KEEP IT SIMPLE! For example, I usually do not cook more than one main dish, two sides and a dessert. Don’t be worried that it will look like there isn’t enough food, there will be. Guests tend to be unimpressed with the number of dishes you prepare. Guests, as they should be, are impressed with taste. Really focus on the few dishes you prepare using fresh and quality ingredients. Preparing too many items will inevitably detract from the quality of your dishes. Remember, you are a host, not a caterer. Quality does not mean complicated.
PLAN AHEAD. Jot some ideas down ahead of time about your event. Whether you are thinking about potential venues, menu items, guests, or party themes, planning ahead will always pay off. For dining out, research restaurant menus ahead of time to make sure your vegetarian-no-carb-gluten-free-lactose-intolerant guest can easily order off the menu [or just leave this friend at home]! Write out your menu, shopping list and plan of action ahead of time, re-read it, edit, re-read, and be familiar enough with it so that if you left the list at home [which you probably will if you’re like me], you could wing it at the market. Try to spread your “to dos” throughout the week as many things can be done ahead of time. Purchasing alcohol, setting up the bar and setting the table are some examples.
PLAN FOR THE WORST. Buy extra and assume everything will go horribly wrong. Have a backup plan. Then have another backup plan.
DON’T STRESS. This tip ties into planning ahead. The more you plan ahead, the less stressed you will be. If you do find yourself stressed, just take a deep breath, relax and remember this is supposed to be fun. You want your guests to feel at ease and comfortable. Most of us don’t wear stress well on our face. With all that being said, don’t attempt to make soufflé for the first time when you’re trying to impress.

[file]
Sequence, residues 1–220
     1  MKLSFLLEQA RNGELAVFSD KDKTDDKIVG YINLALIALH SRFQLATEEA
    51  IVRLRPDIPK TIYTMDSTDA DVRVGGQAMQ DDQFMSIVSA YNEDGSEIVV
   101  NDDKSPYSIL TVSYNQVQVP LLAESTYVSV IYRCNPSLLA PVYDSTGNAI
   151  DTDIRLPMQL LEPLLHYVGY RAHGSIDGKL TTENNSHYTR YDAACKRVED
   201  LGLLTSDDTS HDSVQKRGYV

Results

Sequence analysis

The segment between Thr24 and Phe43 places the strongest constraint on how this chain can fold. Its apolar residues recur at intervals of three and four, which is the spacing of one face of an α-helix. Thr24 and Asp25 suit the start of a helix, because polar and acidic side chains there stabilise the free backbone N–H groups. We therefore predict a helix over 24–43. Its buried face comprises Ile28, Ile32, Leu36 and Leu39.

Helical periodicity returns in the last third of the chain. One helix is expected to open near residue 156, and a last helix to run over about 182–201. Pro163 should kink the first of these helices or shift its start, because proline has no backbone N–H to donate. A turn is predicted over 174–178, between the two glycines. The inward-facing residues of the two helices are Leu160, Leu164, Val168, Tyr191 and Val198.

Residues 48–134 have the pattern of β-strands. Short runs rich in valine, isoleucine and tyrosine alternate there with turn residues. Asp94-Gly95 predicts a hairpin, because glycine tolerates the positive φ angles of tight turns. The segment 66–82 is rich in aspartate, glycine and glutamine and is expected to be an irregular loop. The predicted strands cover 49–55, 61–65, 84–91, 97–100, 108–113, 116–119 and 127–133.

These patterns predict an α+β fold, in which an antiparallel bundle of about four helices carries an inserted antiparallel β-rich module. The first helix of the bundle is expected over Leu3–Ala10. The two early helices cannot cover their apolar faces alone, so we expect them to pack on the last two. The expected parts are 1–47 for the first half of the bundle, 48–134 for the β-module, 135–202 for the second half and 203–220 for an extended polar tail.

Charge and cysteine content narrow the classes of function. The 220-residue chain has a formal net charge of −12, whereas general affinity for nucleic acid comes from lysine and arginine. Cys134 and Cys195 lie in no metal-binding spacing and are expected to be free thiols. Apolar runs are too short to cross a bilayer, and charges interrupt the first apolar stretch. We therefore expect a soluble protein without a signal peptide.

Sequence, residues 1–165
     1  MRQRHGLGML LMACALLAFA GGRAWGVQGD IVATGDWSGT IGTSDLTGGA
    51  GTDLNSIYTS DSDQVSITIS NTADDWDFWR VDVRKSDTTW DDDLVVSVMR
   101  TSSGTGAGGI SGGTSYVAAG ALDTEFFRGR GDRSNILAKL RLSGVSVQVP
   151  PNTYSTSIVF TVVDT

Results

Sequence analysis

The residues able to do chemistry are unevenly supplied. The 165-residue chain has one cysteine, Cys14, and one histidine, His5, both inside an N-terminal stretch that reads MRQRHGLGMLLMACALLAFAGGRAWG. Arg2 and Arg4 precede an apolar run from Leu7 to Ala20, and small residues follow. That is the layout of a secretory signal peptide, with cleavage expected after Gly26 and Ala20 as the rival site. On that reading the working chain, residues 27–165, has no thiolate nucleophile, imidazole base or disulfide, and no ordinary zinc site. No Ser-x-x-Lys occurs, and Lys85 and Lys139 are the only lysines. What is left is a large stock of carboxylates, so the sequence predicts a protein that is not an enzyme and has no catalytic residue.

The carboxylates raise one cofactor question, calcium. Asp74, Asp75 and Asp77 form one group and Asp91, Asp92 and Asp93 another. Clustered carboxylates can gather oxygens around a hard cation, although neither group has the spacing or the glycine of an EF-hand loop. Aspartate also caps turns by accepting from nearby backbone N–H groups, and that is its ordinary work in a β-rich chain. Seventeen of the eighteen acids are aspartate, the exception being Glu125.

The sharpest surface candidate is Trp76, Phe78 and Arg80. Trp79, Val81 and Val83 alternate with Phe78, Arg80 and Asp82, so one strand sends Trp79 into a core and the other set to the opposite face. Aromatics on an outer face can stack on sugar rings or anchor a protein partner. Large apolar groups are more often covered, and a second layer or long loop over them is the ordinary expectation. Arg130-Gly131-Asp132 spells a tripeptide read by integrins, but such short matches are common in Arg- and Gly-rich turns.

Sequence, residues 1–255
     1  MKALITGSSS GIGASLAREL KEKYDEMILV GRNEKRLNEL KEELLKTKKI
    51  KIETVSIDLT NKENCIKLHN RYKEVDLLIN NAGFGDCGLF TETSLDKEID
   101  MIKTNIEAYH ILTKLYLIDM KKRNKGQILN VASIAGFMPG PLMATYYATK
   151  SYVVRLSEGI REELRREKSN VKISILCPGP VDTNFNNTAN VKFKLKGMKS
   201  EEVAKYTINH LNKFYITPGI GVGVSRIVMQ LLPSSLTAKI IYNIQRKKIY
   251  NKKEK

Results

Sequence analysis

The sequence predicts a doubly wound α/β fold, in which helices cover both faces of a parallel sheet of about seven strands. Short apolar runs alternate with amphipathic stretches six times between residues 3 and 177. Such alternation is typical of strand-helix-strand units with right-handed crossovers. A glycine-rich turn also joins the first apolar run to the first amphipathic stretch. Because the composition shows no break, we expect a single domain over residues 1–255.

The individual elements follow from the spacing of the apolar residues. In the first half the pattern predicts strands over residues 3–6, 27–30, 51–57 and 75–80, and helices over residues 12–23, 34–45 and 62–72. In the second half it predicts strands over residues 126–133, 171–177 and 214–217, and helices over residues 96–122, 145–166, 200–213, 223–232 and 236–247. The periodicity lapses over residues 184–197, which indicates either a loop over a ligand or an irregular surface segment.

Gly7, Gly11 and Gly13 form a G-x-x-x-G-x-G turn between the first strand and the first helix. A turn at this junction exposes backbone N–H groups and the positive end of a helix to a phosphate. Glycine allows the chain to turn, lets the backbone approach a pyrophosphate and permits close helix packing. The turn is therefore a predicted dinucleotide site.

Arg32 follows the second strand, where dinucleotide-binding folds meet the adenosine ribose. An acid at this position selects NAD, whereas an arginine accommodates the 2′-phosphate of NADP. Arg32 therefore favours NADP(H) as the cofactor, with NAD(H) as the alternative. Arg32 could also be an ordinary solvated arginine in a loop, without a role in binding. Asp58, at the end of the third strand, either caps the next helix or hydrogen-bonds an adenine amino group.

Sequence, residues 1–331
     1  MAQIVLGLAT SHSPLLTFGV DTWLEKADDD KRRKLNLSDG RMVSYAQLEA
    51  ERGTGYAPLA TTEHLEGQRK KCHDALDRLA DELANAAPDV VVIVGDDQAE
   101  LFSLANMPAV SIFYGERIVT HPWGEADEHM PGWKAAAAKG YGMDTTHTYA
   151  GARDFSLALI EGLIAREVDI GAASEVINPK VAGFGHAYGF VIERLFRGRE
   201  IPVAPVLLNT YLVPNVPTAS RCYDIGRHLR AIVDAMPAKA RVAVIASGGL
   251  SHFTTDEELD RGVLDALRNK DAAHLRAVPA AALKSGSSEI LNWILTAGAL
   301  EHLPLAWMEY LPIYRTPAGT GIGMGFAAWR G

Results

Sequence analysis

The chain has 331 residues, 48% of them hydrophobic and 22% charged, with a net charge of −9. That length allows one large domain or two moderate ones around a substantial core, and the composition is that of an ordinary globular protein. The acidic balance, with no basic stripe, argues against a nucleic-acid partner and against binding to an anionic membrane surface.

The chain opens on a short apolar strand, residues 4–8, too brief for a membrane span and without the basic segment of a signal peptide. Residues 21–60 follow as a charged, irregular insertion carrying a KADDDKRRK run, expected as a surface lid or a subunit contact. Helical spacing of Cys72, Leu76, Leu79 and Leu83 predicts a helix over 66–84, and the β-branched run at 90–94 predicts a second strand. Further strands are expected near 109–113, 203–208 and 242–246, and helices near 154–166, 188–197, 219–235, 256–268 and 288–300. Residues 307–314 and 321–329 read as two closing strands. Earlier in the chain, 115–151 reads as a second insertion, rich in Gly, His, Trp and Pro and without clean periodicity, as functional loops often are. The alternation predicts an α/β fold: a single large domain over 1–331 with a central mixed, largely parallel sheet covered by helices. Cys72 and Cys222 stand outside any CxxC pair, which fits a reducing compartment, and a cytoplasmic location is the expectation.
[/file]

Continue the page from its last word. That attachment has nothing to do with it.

SET A BUDGET. This can also tie into planning ahead. Expect to go over your budget, but only within reasonable measures. I do not believe good hosting and event planning is about spending a ton of money, but about doing the best possible job you can within your means, whatever that may be. The more you host and plan events, the better you will get at budgeting.
CENTERPIECE. Whether big or small, simple or lavish, I think having a centerpiece adds a nice warm, welcoming touch. I am not suggesting spending a ton of money. ANYTHING can be a centerpiece; bowl of lemons or limes (great for spring or summer), bowl of pine cones (festive for fall or winter), bowl of green apples or simple flowers such as hydrangeas. One suggestion I have is that if you are hosting a sit down dinner, keep your centerpiece relatively low. There is nothing worse than not being able to see all your guests during dinner convo. You have more wiggle room for a taller centerpiece if you are doing buffet style.
KNOW YOUR AUDIENCE. Know their dietary restrictions, food allergies, food preferences, expectations for the event, budget (if applicable), and so on.